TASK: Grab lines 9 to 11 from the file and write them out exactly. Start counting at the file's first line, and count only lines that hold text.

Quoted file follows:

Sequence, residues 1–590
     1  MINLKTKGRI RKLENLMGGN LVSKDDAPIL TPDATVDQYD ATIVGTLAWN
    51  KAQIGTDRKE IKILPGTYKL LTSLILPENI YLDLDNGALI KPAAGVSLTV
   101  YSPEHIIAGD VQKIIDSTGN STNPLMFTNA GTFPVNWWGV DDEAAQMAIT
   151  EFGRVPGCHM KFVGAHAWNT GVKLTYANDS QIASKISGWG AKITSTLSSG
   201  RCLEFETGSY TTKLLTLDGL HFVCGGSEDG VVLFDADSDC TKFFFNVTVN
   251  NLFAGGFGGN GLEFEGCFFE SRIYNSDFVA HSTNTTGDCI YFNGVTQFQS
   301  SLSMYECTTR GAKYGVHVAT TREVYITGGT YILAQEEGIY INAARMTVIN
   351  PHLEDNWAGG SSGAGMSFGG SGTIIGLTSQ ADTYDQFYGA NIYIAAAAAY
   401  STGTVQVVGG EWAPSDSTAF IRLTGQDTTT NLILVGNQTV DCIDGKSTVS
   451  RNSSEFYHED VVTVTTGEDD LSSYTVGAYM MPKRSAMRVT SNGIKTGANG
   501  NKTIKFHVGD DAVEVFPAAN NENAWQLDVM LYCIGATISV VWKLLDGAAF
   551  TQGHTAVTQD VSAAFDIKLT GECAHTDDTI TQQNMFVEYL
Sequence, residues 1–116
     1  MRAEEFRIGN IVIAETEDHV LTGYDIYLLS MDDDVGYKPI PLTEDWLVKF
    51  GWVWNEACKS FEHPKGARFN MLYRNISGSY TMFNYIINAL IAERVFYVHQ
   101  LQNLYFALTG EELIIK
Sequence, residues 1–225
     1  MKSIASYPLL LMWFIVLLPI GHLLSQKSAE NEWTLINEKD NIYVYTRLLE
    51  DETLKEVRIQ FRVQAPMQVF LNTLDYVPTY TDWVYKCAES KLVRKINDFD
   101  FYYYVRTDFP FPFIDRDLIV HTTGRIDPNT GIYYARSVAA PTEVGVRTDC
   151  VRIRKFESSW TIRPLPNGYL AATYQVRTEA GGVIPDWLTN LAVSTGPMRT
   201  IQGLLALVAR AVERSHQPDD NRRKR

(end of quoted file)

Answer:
   351  PHLEDNWAGG SSGAGMSFGG SGTIIGLTSQ ADTYDQFYGA NIYIAAAAAY
   401  STGTVQVVGG EWAPSDSTAF IRLTGQDTTT NLILVGNQTV DCIDGKSTVS
   451  RNSSEFYHED VVTVTTGEDD LSSYTVGAYM MPKRSAMRVT SNGIKTGANG